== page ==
There is also a chance that Jordan Staal will center the second unit with Malkin playing on the wing. Staal is an excellent offensive zone player but is not a threat to take possession time away from Malkin. No. 71 needs the puck. He is not great along the boards or down low–that is where Staal fits–but he utilizes the high zone perhaps better than any forward in hockey.
Another point of criticism has been Malkin’s role as a winger.
Shifting to a position other than center is not to blame for his recent shaky seasons and it will not hold him back in the future. There may be a slightly higher level of comfort at the center position for the Russian superstar, but the move to wing is not a hard transition to master. It affords him more space, more time to work his neutral zone magic and less defensive zone responsibilities.
Also, playing on a line with Staal would still allow him to be the primary puck-handler in almost all situations. Basically, Malkin can still assume the role of center in nearly every facet of the game. Faceoffs, defensive play, and occasionally offensive play below the goal line would be the only effected areas.
Complaints are few and far between when Malkin plays wing on a line with Crosby. He seems to adapt to the position well in those situations. A move to wing with Staal at center would put even less restrictions on Malkin than playing on Sid’s wing.
Lastly, the complaint that is most off-base is the one that criticizes Bylsma’s system.
The 2010-11 Jack Adams Award winner’s style is an aggressive offensive zone attack that features defensemen pinching and forwards replacing them. As a result, more offensive zone possession ensues. As discussed above, Malkin thrives more on the open play in the center of the ice. Still, his large frame and soft hands make him an effective zone player. If anything, Bylsma’s system allows for more offensive opportunities and more chances for Malkin to deliver his big blast from high in the zone.
Just to cement the fact that Malkin has not struggled as a result of the system, look at his numbers from the first season it was implemented:
- In 2008-09 Geno averaged 1.42 points-per-game and .42 goals-per-game under Michel Therrien. When Bylsma replaced Therrien with 25 games left, Malkin’s ppg only dropped by .1 while his goals per game slightly increased.
- During that season’s run to the Stanley Cup Finals, Malkin bested his regular season averages to produce 1.5 ppg and .58 gpg. Bylsma’s system had been fully implemented during those 36 playoff games.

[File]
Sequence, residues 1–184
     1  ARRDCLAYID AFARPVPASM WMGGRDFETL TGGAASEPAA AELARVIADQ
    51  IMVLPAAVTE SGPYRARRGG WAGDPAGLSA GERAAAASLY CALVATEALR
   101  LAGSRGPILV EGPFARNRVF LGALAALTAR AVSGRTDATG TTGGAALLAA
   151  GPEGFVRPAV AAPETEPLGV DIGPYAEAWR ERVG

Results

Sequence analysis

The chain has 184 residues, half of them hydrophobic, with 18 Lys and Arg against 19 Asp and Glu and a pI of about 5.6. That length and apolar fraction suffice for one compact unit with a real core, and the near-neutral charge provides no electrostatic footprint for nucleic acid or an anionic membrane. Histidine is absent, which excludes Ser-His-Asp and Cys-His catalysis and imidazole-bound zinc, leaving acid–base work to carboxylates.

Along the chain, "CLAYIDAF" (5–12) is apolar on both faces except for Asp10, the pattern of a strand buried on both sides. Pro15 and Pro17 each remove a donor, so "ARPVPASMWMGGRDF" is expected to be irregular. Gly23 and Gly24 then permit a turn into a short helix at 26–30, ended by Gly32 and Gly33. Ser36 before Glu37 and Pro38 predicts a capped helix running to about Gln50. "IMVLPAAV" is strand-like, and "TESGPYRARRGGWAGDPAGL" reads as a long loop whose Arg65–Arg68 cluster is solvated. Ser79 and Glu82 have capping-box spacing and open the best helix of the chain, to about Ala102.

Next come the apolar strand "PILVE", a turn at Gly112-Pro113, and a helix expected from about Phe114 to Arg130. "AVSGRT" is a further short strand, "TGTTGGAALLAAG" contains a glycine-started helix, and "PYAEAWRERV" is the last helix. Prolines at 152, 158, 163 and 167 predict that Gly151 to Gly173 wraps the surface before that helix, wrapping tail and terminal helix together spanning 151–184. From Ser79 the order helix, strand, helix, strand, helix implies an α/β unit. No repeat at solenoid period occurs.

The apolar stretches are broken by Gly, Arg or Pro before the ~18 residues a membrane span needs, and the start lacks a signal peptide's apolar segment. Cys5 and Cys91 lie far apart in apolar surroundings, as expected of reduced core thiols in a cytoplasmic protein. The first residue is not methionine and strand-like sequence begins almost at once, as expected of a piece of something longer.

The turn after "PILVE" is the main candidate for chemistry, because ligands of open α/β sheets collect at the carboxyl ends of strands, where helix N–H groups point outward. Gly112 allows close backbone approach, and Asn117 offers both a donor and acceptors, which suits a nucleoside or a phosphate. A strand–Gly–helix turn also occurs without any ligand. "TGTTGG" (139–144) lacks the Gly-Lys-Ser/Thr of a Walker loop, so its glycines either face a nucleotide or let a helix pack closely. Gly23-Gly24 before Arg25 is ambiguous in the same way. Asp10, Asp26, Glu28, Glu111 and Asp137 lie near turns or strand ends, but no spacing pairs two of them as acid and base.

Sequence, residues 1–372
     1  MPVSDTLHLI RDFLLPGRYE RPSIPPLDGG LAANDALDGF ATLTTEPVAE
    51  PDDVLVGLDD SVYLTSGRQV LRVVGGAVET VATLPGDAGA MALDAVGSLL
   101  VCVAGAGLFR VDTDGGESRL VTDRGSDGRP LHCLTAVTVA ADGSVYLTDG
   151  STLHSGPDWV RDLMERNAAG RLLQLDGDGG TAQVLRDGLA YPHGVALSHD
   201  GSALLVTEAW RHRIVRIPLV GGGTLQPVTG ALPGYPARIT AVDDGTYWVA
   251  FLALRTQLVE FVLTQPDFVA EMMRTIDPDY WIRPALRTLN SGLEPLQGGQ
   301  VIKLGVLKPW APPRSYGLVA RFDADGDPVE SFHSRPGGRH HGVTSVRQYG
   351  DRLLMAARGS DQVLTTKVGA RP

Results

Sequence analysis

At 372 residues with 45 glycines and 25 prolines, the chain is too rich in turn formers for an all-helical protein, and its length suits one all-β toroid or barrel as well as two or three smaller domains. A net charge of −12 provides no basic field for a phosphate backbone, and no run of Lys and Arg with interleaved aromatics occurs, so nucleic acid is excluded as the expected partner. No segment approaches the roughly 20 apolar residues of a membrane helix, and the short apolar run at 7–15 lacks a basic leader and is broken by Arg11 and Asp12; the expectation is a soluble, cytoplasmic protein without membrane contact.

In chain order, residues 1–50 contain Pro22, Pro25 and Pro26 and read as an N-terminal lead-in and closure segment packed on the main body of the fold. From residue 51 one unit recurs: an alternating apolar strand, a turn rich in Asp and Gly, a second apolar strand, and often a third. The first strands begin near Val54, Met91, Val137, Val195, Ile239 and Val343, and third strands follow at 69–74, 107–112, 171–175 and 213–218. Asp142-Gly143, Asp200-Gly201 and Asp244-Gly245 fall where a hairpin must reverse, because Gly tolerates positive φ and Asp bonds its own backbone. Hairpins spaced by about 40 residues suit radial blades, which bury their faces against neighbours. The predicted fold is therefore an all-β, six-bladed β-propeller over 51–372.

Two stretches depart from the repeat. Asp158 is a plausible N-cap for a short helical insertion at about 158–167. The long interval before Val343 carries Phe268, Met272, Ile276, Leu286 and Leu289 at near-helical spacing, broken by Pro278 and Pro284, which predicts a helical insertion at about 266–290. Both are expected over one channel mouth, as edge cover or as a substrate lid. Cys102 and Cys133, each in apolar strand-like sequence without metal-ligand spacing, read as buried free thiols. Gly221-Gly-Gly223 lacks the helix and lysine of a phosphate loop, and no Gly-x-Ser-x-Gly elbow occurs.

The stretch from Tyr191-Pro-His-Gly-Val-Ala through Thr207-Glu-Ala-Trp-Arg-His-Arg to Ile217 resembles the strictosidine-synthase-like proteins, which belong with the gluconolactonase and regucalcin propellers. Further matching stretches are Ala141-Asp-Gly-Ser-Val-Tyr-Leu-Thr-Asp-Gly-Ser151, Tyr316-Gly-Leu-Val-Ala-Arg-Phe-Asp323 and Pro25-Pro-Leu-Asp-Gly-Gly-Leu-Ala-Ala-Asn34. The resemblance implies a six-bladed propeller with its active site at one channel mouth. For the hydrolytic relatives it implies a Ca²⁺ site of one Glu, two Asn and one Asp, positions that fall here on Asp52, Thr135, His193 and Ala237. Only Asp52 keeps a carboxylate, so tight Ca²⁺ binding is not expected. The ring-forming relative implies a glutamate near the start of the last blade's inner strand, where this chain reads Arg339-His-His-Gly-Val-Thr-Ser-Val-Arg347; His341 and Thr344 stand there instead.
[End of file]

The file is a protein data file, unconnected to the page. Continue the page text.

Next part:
These statistics should make it clear that the Penguins style is not a major factor in Geno’s recent lack of production.
That leaves just one factor.
Malkin has played in only 110 of the Penguins last 164 regular season games. He experienced chronic left knee problems over the past two seasons before tearing his right ACL in a game against Buffalo in February. It was well documented that Geno had struggled with his left knee for multiple months before his season-ending injury:
“While injuries might be the most common explanation, the simple truth is that players seldom have the luxury of being at their physical peak for extended periods.
‘Part of playing in the National Hockey League is that you’re rarely at 100 percent,’ Bylsma said. ‘Dealing with that and playing your best, given those circumstances, is a challenge a lot of players go through on a yearly basis. That’s been a challenge for [Malkin].’
Even before the knee injury, Malkin dealt with a lingering shoulder injury. It cost him multiple games in 2009-10 and was a problem throughout the season. He was also held out for an extended period of time after taking a Kris Letang shot off the right foot late in the season.
Injuries to both knees, a shoulder, and a foot is enough to considerably slow any player in the NHL. Yet, Malkin still averaged more than a point-per-game over the past two seasons.
For the first time in two years Malkin will be healthy. He will likely skate with the best linemates he has ever had and his off-season workout regiment suggests that he is primed for a big year. Add in power-play specialist Steve Sullivan, and Malkin’s man-advantage points are sure to increase.
All signs point towards Geno once again producing at a 100 point pace.